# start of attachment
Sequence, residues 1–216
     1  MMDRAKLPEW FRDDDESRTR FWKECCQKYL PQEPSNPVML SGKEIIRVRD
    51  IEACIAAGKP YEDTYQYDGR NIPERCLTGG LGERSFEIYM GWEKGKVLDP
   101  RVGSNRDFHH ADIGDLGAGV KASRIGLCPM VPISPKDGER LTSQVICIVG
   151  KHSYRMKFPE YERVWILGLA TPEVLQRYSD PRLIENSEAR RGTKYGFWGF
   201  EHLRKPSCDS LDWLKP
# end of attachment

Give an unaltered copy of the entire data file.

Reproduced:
Sequence, residues 1–216
     1  MMDRAKLPEW FRDDDESRTR FWKECCQKYL PQEPSNPVML SGKEIIRVRD
    51  IEACIAAGKP YEDTYQYDGR NIPERCLTGG LGERSFEIYM GWEKGKVLDP
   101  RVGSNRDFHH ADIGDLGAGV KASRIGLCPM VPISPKDGER LTSQVICIVG
   151  KHSYRMKFPE YERVWILGLA TPEVLQRYSD PRLIENSEAR RGTKYGFWGF
   201  EHLRKPSCDS LDWLKP